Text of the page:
Home Office announces that digital Right to Work and Right to Rent checks are here to stay from 6 April 2022

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26 January, 2022

Amy Stokes
Partner & Head of Business Immigration

The Home Office has announced that from 6 April 2022, there will be changes to the way in which Biometric Residence Permit (BRP), Biometric Residence Card (BRC) and Frontier Worker Permit (FWP) evidence their right to work and right to rent.

From 6 April 2022, the presentation of a physical document will no longer be acceptable and employers and landlord will not be able to check a physical BRP, BRC or FWP as a right to work or right to rent. Employees will only be able to use the online Home Office service going forwards.

The new digital validation system means that a remote alternative to the manual checks which have been in place in response to the Covid-19 pandemic, are here to stay. The decision to move to a digital system is expected to be popular amongst employers in particular, with Neil Carberry, chief executive of the REC (Recruitment and Employment Confederation) reportedly stating that the new system will be beneficial for businesses as the job market recovers, with the system supposedly being quicker and easier to use, but still maintaining the high levels of compliance which keeps staff safe.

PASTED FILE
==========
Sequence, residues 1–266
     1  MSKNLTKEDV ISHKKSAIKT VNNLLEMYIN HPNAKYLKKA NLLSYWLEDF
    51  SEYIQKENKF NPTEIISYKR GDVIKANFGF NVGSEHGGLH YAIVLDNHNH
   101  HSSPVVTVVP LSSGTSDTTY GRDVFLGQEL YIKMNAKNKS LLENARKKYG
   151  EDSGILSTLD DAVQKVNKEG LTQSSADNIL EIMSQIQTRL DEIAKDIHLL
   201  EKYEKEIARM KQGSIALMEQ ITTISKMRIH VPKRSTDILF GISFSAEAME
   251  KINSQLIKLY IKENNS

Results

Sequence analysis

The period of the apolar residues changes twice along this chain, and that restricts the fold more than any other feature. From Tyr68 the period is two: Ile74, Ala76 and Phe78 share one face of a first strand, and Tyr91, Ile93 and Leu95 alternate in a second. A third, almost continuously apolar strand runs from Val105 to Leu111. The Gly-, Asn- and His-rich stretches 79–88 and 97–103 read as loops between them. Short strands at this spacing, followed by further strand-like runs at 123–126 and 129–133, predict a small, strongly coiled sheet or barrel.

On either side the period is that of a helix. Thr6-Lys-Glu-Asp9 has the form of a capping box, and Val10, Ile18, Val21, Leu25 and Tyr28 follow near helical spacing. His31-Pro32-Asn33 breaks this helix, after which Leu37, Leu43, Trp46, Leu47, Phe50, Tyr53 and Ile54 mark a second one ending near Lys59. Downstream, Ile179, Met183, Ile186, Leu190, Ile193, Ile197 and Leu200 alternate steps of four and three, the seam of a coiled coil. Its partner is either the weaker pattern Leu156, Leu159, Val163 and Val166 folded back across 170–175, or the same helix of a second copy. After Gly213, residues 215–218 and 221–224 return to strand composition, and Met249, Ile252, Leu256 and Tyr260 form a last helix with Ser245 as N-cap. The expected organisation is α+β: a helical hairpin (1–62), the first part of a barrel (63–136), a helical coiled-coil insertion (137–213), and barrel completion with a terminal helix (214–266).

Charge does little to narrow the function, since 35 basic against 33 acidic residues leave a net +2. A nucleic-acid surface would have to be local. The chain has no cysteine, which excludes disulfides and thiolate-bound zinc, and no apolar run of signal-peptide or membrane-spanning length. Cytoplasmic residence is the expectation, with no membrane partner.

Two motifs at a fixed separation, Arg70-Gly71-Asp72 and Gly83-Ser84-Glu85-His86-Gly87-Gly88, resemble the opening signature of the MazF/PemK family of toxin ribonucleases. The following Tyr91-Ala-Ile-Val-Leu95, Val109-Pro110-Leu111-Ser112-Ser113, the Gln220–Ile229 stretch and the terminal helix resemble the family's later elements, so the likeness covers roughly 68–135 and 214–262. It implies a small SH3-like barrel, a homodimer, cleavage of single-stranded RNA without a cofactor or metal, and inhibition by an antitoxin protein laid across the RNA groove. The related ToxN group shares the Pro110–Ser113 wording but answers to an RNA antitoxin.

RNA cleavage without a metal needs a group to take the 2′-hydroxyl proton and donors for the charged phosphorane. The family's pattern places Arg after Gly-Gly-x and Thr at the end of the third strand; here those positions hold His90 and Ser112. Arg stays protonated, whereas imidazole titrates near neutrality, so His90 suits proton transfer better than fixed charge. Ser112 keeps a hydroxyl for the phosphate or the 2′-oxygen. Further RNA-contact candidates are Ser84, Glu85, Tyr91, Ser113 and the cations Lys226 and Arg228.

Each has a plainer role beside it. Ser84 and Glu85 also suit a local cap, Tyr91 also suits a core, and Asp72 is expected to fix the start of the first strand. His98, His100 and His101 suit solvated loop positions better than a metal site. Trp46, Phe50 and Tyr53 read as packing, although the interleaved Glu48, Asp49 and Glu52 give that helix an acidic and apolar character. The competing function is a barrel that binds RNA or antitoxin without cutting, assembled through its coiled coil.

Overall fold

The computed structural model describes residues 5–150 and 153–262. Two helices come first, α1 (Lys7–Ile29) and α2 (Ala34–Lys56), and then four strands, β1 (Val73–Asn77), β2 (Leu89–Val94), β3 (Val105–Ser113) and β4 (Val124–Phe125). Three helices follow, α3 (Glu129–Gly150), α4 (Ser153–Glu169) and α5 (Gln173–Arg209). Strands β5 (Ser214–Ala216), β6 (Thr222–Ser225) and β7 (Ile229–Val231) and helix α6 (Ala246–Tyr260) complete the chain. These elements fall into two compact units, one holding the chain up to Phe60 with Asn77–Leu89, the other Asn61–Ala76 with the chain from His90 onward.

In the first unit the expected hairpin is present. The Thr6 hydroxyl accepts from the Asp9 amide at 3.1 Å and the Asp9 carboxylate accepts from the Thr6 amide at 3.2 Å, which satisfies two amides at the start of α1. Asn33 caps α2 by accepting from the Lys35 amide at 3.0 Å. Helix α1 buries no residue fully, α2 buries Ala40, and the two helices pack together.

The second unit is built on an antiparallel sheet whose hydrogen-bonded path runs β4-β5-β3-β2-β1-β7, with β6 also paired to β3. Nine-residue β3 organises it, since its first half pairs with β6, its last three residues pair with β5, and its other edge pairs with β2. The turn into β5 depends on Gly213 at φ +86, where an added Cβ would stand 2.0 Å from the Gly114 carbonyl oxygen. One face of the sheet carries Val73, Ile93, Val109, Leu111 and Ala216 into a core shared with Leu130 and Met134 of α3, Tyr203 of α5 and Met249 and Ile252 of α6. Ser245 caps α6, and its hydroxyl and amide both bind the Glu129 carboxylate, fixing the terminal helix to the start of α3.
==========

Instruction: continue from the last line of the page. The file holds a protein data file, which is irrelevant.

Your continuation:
At present, there are two types of checks - an online check and a manual check, the online check is currently required for all BRP, BRC and FWP holders, and any other individuals that hold digital proof only, of their immigration status in the UK. While the manual check system is set to be scrapped entirely.

However, employers and landlords needn't worry about performing retrospective checks on the status of BRP and BRC holders who are employed or entered into a tenancy agreement up to and including the 5 April 2022, as they will maintain a statutory excuse against any civil penalty if checks were made in accordance with the applicable guidance at the time of the check being made.

It is imperative that prospective tenants or prospective workers have lawful immigration status. Therefore, employers and landlords must be mindful that if they do not conduct the correct Right to Work or Right to Rent checks on a prospective tenant or before an applicant commences work in the UK, they could be liable for a civil penalty. Further guidance will be published imminently by the Home Office.

For more information contact Amy Stokes in our Employment & HR department via email or phone on 0333 207 1157. Alternatively send any question through to Forbes Solicitors via our online Contact Form.

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